A Kosher Easter Dinner

Due to the 93° weather and the thick layer of yellow pollen covering everything, including  me on my walk to school every morning, I am not celebrating spring in quite the same way I was last weekend.  I could celebrate a thunderstorm.  I could celebrate the pool opening.  I could celebrate the discovery of running clothes with built in air-conditioning.  Spring’s not cutting it anymore though.

I did, however, have several things to celebrate recently.  Last night Duke won the NCAA Men’s Championship for the first time since 2001 and it was a great game.  (We did not, however, get school off, as had been cruelly rumored.)  And, of course, Easter.  That’s a big one.  It always makes me a little sad not being with my family on Easter weekend, so I decided to have a little dinner party for all my friends who didn’t have plans.  Tuns out 75% of them were Jewish.  :-)

It wasn’t really on purpose, but the entire meal ended up being Kosher.  Which I found a little but funny.  But it was really, really a delicious meal.  See, when you can’t use flour, you end up using a lot more butter, cream, eggs, and cheese (although I guess you could go the other way and use a lot more vegetables … oh well).  And regardless of your cooking ability, butter, cream, eggs, and cheese make pretty much everything taste good.  The amount of leftovers of all this delicious dairy-full food that we have (had) is either great news or really bad news.  Withholding the verdict.

So, what did we eat?  Fruit salad with the most perfectly ripe nectarines, an egg casserole full of feta cheese, sun-dried tomatoes, and basil, scalloped potatoes, an Easter staple, updated with sage and thyme, and a flourless chocolate torte, which is really the main subject of this post.

This torte, it is really good.  And it is really bad for you.  But one slice (and you can easily get 16 slices out of one torte) satisfies my deepest chocolate cravings, voiding the need for me to continually reach my hand into the chocolate chip bag that I keep open just inside the cabinet for some unknown, slightly sadistic reason.  I’ve made it several times and it comes out well no matter what mistakes I make while making it.  This time, my largest round pan was a little too small and it took about 15 minutes longer to bake than it usually does.  Not a problem, right?  Generally, unless you put the cake in exactly 42 minutes before you had to leave for church on Easter Sunday and you’re forced to choose between an underdone cake and being 20 minutes late to Mass.  I chose the cake; I’m offering a piece up to God in apology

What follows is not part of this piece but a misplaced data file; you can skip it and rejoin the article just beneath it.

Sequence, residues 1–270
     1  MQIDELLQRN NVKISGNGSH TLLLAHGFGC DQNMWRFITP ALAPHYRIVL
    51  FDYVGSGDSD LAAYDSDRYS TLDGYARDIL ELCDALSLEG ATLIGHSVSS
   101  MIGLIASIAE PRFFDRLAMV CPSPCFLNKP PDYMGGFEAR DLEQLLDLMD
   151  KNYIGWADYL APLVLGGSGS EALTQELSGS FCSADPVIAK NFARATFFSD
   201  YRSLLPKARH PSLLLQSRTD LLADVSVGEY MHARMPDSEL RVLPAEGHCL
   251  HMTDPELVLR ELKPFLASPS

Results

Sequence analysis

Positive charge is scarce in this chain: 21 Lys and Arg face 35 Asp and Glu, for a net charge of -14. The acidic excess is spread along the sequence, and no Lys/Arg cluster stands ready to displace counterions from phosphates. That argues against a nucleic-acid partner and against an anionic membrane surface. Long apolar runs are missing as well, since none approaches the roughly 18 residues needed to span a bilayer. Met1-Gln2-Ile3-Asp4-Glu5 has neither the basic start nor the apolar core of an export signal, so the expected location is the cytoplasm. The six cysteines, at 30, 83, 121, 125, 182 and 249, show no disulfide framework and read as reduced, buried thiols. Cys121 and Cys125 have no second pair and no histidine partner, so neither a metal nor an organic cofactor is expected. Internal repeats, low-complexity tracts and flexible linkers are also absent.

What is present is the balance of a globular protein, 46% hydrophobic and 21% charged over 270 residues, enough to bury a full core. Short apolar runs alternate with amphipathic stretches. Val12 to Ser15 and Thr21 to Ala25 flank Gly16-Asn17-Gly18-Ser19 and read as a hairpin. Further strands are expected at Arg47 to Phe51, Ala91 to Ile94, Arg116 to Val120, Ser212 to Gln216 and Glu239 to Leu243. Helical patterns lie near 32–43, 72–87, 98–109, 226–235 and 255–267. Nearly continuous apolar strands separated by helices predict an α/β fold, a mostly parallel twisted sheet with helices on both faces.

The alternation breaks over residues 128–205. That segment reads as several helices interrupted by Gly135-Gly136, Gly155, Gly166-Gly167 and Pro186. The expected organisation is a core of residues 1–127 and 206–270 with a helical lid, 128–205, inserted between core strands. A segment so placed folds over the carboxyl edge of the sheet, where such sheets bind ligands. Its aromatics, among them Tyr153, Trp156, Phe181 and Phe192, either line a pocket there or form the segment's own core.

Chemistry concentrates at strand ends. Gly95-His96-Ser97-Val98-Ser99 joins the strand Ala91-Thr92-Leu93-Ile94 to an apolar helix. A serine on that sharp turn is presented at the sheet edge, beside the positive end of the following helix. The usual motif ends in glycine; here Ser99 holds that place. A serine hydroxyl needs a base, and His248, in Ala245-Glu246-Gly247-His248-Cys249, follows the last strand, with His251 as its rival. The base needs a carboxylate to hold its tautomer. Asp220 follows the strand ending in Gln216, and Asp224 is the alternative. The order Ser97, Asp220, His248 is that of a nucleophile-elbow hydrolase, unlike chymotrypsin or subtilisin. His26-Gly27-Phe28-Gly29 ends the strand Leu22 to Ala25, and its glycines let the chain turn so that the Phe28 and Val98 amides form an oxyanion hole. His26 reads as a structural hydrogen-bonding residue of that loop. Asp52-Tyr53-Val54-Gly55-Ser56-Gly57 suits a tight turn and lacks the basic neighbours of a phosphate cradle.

I’ve adapted the cake recipe very slightly from Bon Appetit, and pretty much make up the glaze as I go depending on how much time I have.  The first time I went all out and made the coulis ahead of time and then did the glaze the next day and it was way more effort than it was worth.  Especially since the coulis recipe made about 3 cups and then the glaze only called for 2 tablespoons.  So now I just throw some frozen fruit, chocolate chips, sugar, and a pat of butter in a pan, mash the fruit and chocolate together, and dump it on the cake.  Unceremonious, perhaps, but it tastes great.

Two serving suggestions: it’s the best straight out of the fridge and a dollop of whipped cream really pulls all the flavors together.  So enjoy!  And next time I’ll try and write about something that’s not dessert.

Dark Chocolate Torte with Raspberry Glaze

Adapted from Bon Appetit, April 2006

For the cake:

  • 1 2/3 c. semisweet chocolate chips
  • 3/4 c. salted butter
  • 1/4 c. cocoa powder
  • 1 tsp. cinnamon OR instant espresso powder
  • 5 large eggs
  • 1 c. sugar
  1. Preheat oven to 350°F.  Line 9 inch round pan, preferably a springform, with parchment paper (the paper is essential for presentation if not using a springform pan.  If presentation doesn’t matter, just butter and flour the pan and leave the torte in there to serve).
  2. Melt chocolate chips and butter in a medium saucepan over medium heat, stirring regularly, until smooth.  Whisk in cocoa, remove from heat, and let cool for10 minutes.
  3. Using an electric mixer, beat eggs and sugar together on medium speed until thick, 4-6 minutes.  Fold cooled chocolate into egg and sugar mixture, blending well.
  4. Pour batter into prepared pan, and bake until dry and beginning to crack on top, about 40-50 minutes.  Toothpick test should come out with some moist crumbs, but not wet.
  5. Let torte cool in pan for about an hour, then invert onto serving plate (removing sides first if using a springform pan).  Let cool completely.

For glaze:

  • 1 c. frozen raspberries or other frozen berries
  • 3 T sugar
  • 2 T water
  • 3/4 c. chocolate chips
  • 2 T butter
  1. Stir fruit, sugar, and water in saucepan over medium heat, until syrupy, mashing berries with spoon.  Add chocolate and butter, and stir just until smooth.  Remove from heat.
  2. Allow glaze to cool 10 minutes, than pour over top of cake.  Spread on top and push over sides.  Put cake in fridge until glaze is set, about 30 minutes.  Serve cold, with whipped cream.

2 thoughts on “A Kosher Easter Dinner

  1. I didn’t know you had a food blog!! so much fun to read :)

    anddd thanks again for a delicious easter lunch!!

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